The Local Attitude to Dogs




The Local Attitude to Dogs – Hunting Dogs


I didn’t intend my first real post about life here to be negative but this dog just happened into my life on Tuesday night so that set the scene for the first in the “What’s it like to live here” series entitled the local attitude to dogs.

Many dogs here spend their entire lives on a chain a couple of metres long, if they are lucky with a make-shift kennel for shade. It is no life for any creature, least of all a dog. But they are not the only dogs that have a bad life – hunting dogs do too.

On Sunday the hunting season started here. Many locals keep hunting dogs in make-shift pens on their properties where they are neglected for most of the year, apart from being given occasional food, and if they are lucky, some water. Most are Podencos like the one in the photo. Anyway, on Sunday, before dawn, we could hear numerous trucks going past the house with excited, barking dogs in the back. This would be the first time many have been outside their pens in months so it is no wonder they were excited. As soon as it got light we could hear the shotguns being fired all around the area, and this went on all day. Those “brave” local hunters, armed only with 12-bore shotguns, were going head-to-head with the vicious, man-eating rabbits of Fuerteventura. Anyway, don’t get me started on the morons that go hunting.

Some dogs inevitably are afraid of the guns and run off. I think that is probably what happened in this particular case as on Tuesday night we heard a dog barking, obviously very unhappy, for 4 or 5 hours. That in itself isn’t unusual unfortunately. About midnight I decided to go for a walk to try and track down where the dog was, as, not only was it upsetting for Sue and I to hear, but it was also upsetting Oscar, one of our dogs. Walking a couple of hundred metres I came to an empty building plot and using my torch I could see the dog right in the middle amongst some bushes. On seeing me he started slowly coming towards me, very frightened and distressed. I could see he was a young Podenco and gently encouraged him to come to me. I stroked him and then, as he allowed me to pick him up, I carried him back to my house.

Sue and I gave him two bowls of food as he was starving and some water. There was nothing we could do at that time of night other than take him in. Sue went to bed, and took our two dogs with her, while I spent the night on the settee in the lounge with the Podenco. Eventually, around 5am, he settled down and we both got a few hours sleep. In the morning I put him in the car and went up the road to the perrera (dog pound) in La Oliva. There was no-one there so I went to the town hall opposite to ask if someone could book the dog in. I was told “No, it’s not possible today”. Very helpful, I don’t think. Fortunately we have links to the charity, Fuerteventura Dog Rescue, who volunteer at the perrera so I rang one of the organisers who kindly got another volunteer to come down and book the dog in.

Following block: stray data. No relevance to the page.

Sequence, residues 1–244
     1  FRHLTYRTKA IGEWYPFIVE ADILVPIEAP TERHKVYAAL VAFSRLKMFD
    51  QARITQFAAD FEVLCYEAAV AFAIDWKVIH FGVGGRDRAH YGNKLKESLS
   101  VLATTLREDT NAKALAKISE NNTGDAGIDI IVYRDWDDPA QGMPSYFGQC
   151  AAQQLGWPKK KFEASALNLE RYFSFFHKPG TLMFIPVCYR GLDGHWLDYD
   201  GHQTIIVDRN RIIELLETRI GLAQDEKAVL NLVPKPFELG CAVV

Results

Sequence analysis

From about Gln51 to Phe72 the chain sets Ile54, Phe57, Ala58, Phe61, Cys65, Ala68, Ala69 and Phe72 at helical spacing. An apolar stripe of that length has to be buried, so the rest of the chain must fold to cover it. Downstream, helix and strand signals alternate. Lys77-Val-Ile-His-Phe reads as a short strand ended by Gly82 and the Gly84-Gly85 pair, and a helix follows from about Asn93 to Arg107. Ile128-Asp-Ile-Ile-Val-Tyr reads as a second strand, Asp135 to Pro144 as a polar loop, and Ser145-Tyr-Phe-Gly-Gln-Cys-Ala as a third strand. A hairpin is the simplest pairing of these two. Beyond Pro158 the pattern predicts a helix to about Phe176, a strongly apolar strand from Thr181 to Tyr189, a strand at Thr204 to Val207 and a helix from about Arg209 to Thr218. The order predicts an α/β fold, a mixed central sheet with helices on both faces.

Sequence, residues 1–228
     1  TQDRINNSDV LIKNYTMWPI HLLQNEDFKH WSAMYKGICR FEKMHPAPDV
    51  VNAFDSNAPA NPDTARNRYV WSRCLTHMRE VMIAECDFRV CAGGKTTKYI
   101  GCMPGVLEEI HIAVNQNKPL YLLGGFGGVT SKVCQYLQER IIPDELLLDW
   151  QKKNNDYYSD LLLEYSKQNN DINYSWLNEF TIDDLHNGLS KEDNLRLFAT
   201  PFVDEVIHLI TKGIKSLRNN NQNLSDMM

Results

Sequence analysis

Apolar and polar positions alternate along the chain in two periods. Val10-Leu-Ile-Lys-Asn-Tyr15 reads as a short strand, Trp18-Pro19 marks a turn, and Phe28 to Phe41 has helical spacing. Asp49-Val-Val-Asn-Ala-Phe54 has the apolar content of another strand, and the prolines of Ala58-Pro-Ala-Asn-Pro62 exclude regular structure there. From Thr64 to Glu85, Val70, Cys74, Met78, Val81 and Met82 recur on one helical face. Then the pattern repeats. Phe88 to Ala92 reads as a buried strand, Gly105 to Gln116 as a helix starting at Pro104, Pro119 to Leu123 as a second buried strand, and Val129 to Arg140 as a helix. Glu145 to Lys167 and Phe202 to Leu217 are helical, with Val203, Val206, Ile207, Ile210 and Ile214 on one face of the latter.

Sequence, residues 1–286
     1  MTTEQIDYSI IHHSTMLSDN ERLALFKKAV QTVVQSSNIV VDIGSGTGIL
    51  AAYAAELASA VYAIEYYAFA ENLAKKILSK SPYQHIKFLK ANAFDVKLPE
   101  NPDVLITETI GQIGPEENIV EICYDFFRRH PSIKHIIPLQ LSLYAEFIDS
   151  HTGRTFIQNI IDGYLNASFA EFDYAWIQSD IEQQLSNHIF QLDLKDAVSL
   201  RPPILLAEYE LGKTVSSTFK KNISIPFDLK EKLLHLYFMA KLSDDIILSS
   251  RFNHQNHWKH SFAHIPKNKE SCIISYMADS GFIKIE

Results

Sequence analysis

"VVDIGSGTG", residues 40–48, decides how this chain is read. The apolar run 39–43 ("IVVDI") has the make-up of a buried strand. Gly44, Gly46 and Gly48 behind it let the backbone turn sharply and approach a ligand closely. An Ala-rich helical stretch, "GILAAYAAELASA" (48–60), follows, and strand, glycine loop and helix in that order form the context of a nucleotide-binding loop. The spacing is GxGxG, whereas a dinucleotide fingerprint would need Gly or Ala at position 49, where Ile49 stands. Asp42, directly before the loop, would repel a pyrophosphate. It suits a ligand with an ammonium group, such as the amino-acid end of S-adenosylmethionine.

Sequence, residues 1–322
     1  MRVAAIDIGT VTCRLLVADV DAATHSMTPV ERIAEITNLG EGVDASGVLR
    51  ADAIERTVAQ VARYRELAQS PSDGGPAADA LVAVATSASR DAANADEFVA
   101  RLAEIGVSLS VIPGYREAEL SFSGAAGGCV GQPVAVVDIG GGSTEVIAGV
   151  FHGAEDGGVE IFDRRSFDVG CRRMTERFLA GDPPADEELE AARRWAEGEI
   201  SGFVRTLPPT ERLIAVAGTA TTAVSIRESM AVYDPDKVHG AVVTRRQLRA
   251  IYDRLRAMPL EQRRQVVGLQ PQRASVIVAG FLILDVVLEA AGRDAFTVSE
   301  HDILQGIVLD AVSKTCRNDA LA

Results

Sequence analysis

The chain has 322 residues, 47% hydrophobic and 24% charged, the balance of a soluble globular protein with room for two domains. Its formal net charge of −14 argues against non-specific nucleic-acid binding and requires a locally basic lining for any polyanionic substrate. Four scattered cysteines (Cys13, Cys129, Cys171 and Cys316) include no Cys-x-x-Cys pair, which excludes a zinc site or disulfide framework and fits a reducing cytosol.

While I was there a local man arrived with a Podenco in his car. Apparently he had three dogs and gave this one to a friend to hunt with. He took it hunting on Sunday but it wouldn’t hunt so he gave it back. The man now wanted to just dump it at the perrera as he didn’t want it. I suspect if the perrera had been closed he would have just tied it up outside and left it. That happens all the time unfortunately. Some even throw their dogs over the fence into the exercise yard and the fence must be 2.5 metres high (see the picture below).

So, that is one of the major things I do not like about living here – the local attitude to dogs. Of course that is not the case with everyone but it is very common. Fuerteventura Dog Rescue do what they can to educate but the “it is only a dog” attitude is very strong here. That is why there are so many strays as few locals get their dogs sterilised – many believing it is “against nature”. Why spend money on a dog? But when they have puppies these ignorant idiots just dump them in rubbish bins or leave them in a box outside the dog pound. They are someone else’s problem then!

I hope things change but I can’t see it happening any time soon. Thank goodness for organisations like Fuerteventura Dog Rescue and the brilliant volunteers that make a difference to the stray dogs.


The dog is now called Romeo and is in pre-adoption with an Italian couple who will adopt him as soon as 21 days has past since I took him to the perrera. I am really pleased that he will now have a proper life.


Romeo has now been formally adopted and this is a picture of him with his new owner. What a lovely ending.

Romeo podenco adopted

Fuerteventura Dog Rescue Website

Fuerteventura Dog Rescue Facebook Page


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